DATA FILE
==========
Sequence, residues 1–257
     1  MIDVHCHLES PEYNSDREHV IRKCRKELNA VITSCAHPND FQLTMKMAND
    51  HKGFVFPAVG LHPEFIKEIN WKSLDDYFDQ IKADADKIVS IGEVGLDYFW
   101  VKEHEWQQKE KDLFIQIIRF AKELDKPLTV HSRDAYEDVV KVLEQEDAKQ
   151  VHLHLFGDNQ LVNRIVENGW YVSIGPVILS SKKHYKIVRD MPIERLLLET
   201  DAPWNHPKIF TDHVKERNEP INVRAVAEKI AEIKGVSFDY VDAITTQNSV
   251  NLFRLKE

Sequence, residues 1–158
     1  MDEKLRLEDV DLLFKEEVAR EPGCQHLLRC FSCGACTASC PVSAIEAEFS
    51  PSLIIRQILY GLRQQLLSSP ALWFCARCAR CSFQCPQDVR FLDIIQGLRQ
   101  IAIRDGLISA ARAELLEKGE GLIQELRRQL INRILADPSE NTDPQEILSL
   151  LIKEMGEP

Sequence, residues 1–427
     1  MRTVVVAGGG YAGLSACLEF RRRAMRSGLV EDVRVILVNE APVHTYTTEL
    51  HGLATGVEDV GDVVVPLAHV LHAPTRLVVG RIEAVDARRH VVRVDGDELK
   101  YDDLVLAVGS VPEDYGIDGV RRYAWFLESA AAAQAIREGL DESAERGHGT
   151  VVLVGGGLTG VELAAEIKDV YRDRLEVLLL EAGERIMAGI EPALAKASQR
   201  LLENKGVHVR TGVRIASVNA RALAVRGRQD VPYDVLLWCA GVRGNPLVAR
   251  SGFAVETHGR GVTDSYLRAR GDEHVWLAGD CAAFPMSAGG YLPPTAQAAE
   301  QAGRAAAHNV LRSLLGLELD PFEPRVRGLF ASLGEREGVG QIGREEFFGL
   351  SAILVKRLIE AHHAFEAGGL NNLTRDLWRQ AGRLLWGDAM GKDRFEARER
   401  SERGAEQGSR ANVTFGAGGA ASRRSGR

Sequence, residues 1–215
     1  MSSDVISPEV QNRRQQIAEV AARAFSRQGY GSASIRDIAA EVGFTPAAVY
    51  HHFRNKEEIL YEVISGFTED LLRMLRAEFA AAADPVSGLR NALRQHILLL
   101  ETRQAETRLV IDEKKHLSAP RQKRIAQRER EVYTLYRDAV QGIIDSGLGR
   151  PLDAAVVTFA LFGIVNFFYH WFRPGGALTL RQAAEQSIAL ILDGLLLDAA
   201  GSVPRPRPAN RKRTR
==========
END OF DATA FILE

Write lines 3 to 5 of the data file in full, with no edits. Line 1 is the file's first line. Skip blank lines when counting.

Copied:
    51  HKGFVFPAVG LHPEFIKEIN WKSLDDYFDQ IKADADKIVS IGEVGLDYFW
   101  VKEHEWQQKE KDLFIQIIRF AKELDKPLTV HSRDAYEDVV KVLEQEDAKQ
   151  VHLHLFGDNQ LVNRIVENGW YVSIGPVILS SKKHYKIVRD MPIERLLLET